Examples of Einstein ring gravitational lenses, as seen by the Hubble Space Telescope. (Image credit: NASA/ESA/SLACS Survey Team: A. Bolton (Harvard/Smithsonian), S. Burles (MIT), L. Koopmans (Kapteyn), T.Treu (UCSB), L. Moustakas (JPL/Caltech))
Astronomers time traveled through archives of data to spot an object that made history in the 1980s and solve a long-standing cosmic mystery.
While practicing socially distant science, a group of researchers dug through old data from Keck Observatory on Mauna Kea in Hawaii and NASA’s Chandra X-ray Observatory managed to spot a remarkable quasar, or an active galaxy emitting incredible amounts of light.
What they observed is actually an Einstein ring, or a ring of light that has been warped by the gravitational pull of a massive object between the quasar and Earth — a process called gravitational lensing. The light coming from the far-off galaxy warps around the object’s large mass while on its way to Earth.
But the team didn’t just find any old Einstein ring, they spotted the first-ever discovered Einstein ring: 1131+0456. This object was first observed in 1987 using the Very Large Array network of radio telescopes in New Mexico. But when this object was discovered, it wasn’t yet known how far away it was or what its redshift — a phenomenon in which objects moving away appear red because the wavelengths of light are stretched — is.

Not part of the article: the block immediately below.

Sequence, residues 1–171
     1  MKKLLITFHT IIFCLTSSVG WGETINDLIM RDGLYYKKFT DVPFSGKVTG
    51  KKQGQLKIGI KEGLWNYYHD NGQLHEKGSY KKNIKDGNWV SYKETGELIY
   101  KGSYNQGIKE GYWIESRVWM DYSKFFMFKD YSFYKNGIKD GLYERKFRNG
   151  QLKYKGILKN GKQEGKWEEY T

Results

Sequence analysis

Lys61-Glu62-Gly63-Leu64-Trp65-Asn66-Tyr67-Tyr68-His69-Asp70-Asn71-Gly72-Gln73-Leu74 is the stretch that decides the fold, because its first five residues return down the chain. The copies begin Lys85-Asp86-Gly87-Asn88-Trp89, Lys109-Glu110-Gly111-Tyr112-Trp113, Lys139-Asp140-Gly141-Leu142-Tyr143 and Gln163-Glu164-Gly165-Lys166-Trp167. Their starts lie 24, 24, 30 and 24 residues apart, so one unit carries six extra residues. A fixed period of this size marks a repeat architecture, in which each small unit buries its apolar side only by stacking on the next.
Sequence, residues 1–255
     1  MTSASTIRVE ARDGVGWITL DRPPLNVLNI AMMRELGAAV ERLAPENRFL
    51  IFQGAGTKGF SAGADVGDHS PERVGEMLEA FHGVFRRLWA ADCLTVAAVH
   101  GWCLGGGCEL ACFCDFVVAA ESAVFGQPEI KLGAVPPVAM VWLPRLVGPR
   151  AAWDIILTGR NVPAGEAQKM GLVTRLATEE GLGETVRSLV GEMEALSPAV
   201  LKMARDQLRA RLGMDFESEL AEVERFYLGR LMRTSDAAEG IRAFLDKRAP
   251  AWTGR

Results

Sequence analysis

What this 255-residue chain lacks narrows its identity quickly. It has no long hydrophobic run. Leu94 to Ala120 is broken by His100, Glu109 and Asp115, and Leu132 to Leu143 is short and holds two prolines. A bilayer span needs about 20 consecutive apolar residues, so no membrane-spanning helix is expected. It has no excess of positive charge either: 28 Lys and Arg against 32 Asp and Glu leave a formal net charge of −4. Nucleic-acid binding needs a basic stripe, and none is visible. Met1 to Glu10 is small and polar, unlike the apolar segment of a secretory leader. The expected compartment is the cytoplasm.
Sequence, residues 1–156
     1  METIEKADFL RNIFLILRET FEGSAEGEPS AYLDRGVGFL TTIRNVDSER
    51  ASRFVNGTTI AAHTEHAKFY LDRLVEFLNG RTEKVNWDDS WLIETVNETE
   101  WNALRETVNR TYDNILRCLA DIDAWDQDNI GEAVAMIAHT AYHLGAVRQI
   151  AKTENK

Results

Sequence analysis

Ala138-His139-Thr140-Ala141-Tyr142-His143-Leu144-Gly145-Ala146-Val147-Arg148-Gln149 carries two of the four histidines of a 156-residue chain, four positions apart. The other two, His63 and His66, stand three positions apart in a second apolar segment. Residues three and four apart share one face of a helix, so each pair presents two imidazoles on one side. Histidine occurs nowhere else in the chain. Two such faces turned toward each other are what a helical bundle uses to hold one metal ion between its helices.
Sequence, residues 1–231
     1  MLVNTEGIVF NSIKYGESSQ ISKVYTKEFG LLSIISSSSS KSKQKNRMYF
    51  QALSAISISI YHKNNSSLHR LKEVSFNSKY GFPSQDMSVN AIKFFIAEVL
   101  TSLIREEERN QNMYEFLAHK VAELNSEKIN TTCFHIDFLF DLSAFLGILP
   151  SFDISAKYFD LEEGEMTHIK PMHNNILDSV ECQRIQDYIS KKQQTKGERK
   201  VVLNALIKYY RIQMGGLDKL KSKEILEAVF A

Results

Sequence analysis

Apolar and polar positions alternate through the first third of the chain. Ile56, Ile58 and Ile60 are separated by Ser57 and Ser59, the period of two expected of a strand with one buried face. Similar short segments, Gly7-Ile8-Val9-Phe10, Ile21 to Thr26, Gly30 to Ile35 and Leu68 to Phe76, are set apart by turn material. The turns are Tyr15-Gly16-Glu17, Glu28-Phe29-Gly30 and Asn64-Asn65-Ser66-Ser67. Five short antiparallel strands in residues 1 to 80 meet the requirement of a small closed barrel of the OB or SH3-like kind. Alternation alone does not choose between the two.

But with this new study, the team was able to determine the object’s distance, and they found that it’s 10 billion light-years away from Earth (or a redshift of z=1.849). Co-authors Daniel Stern, a senior research scientist at NASA’s Jet Propulsion Laboratory in Pasadena, California, and Dominic Walton, an STFC Ernest Rutherford Fellow at the University of Cambridge’s Institute of Astronomy in the UK, are the first to calculate the object’s distance.
A radio image of MG 1131+0456, the first known Einstein ring, taken with the Very Large Array. (Image credit: VLA)
“The Berlin Wall was still up when this Einstein ring was first discovered, and all the data presented in our paper are from the last millennium,” Stern said in a statement.
“As we dug deeper, we were surprised that such a famous and bright source never had a distance measured for it,” Stern added. “Having a distance is a necessary first step for all sorts of additional studies, such as using the lens as a tool to measure the expansion history of the universe and as a probe for dark matter.”
This work was published June 1 in the journal The Astrophysical Journal Letters.